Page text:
You may want to try cutting speed formulas in a spreadsheet, but this isn’t much better.  There are many pitfalls associated with the usual cutting speed formulas.

I could go on like this for ages.  Good machinists don’t use tables or databases for their speeds and feeds.  They use Feeds and Speeds calculators.  And our customers have told us the reason why in straight up numbers.

Based on the feedback of our customers, the impact of using a Feeds and Speeds Calculator can be extremely large.  They started out using these simpler methods and report large increases in their results with G-Wizard:


These are the kinds of results our customers tell us they get from G-Wizard…

Ignoring Tool Deflection


Tool Deflection:  Silent Killer of Tools and Productivity?

It may be surprising to learn, but tool deflection may be the biggest silent killer of tools out there.  Most CNC’ers are not even aware how much Tool Deflection they’re dealing with on a particular cut–you have to use a Feeds and Speeds Calculator that tells you this figure before you know.  Once you do know it, you’re probably not real sure what it means or how much is too much.

Here’s a graph that shows the impact of tool runout as a percentage of chipload versus tool life:

Runout vs Tool Life

Remember, runout (mentioned above) and deflection are additive.  Now, a typical 1/8″ carbide endmill might have a total chipload allowance of 0.001″–a thousandth of an inch.

According to the chart, if the sum of runout and chipload is just 0.0005″, or 5 ten thousandths of an inch, we can reduce tool life by up to 40%.  Pretty sensitive, eh?  There’s not much margin for error.  And just think, without a feeds and speeds calculator, most folks don’t even check the deflection.

Let me give you a couple of pointers on how to deal with Tool Deflection.

First, a good Feeds and Speeds Calculator like our G-Wizard will tell you exactly how much deflection you’re getting and it will warn you when there is too much.

Second, it will give you tools to deal with the problem of Deflection.  G-Wizard has a Rigidity Calculator that can help you determine the effect on rigidity of tool diameter, stickout, and material (Carbide vs HSS).  It has a Cut Optimizer that will tell you how much Cut Depth you can have for any given Cut Width and vice versa.  And it has CADCAM Wizards, which will automatically run through hundreds of combinations to find the optimal pairing of Cut Width and Cut Depth for best efficiency.  Here are some good pointers to help you learn more about these tools:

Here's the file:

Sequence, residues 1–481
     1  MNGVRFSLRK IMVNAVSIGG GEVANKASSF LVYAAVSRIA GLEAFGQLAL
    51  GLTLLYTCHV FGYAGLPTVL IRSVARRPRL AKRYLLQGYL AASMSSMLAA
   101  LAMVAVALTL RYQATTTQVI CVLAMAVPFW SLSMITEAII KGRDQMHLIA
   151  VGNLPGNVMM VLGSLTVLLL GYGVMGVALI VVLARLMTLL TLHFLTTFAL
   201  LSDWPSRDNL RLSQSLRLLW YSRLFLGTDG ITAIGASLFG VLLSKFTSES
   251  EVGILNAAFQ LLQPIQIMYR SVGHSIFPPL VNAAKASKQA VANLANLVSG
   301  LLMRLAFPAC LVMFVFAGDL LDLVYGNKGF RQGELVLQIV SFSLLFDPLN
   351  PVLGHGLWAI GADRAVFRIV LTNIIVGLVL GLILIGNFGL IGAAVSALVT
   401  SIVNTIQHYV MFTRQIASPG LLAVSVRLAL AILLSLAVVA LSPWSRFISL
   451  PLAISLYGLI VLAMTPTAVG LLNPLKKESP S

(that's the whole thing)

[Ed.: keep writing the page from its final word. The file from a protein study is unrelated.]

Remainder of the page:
Check these articles out, and remember, you can’t get tools like these anywhere else but CNCCookbook’s G-Wizard Calculator.

Not Taking Advantage of all the Great Tips Out There


In school, they teach feeds and speeds as a set of simple formulas–here’s how to calculate rpm from surface speed and tool diameter.  Here’s how you calculate chip load.  If you’re lucky, they get past those few basic formulas we can find anywhere (like Wikipedia) and on into the next level of detail.  That next level of detail boils down to adjustments that have to be made to the formulas so they reflect reality, rather than the ideal that is theory.  For example, if the Cut Width is less than half the tool diameter, you must adjust the feedrate to account for radial chip thinning.

That next level of minutia adds a couple of dozen additional formulas you must apply and a bunch of new variables.  For graduate level work, perhaps they’ll get into the next level of complexity which will involve optimizing some of these variables relative to one another, something G-Wizard does extremely well that is unique in the Feeds and Speeds world.

But there is yet one more level of knowledge to be had.  Once we understand how all those different variables and formulas interact (or once we let our Feeds and Speeds Calculator worry about that), we come to realize that the world of Feeds and Speeds is far from uniform.  It’s a tangled landscape with many interesting cul de sacs, side streets, and neighborhoods.  We talked about the rubbing phenomenon above.  That’s one interesting neighborhood, the one you reach if you allow chip load to fall too low relative to the tool’s sharpness.  There are many more.  Here are some examples:

  •  Above a certain threshold of Cut Width, it is advantageous to switch from Climb Milling to Conventional Milling.  It turns out that while most CNC’ers always Climb Mill, they’re missing out on cases where Conventional Milling actually results in superior geometry.  The reasons are vaguely similar to those that cause Chip Thinning.
  • Drilling Deep Holes, where depth is measured in tool diameters, can be something of a Black Art.  There are a variety of little neighborhoods where one technique works better than another–peck drilling, parabolic flutes, how far to retract, how often to retract, and so on, all play a role.
  • You can substantially change the rules if you can introduce High Pressure Coolant, and especially Through Spindle Coolant.
  • Even just precisely aiming the Coolant using a Programmable Coolant Nozzle can afford you advantage.
  • How your spindle’s power curve matches up to the rpm and surface speed trade offs of your tool and material combination matter.  The point of maximum material removal may not be the ideal point for the tool.  Instead, it might be shifted towards the place where your spindle makes maximum power.
  • There are peculiar combinations of soft material and spindle limitations where HSS can actually remove more material than carbide.

I can go on like this for some time.  There are literally hundreds of these little nuggets out there, waiting for a CNC’er to discover and take advantage of.  You see them in tooling catalogs which mention dozens of them.  Others you have to discover for yourself by experimenting with combinations.  Some are so subtle, you’d never find them unless you have help from software that’s trying devilishly hard to maximize the combinations.

When I first started the journey that resulted in G-Wizard, one of my biggest challenges was trying to figure out how I would remember all of these helpful little rules.  There were so many of them, and every time I opened a Tooling Catalog, more would spill out.  I finally gave up and decided I wanted software to remember these things for me.  It should tell me the best hints and tips once it saw which neighborhood I was in by virtue of the parameters I entered.  That’s how G-Wizard’s Tips feature was born.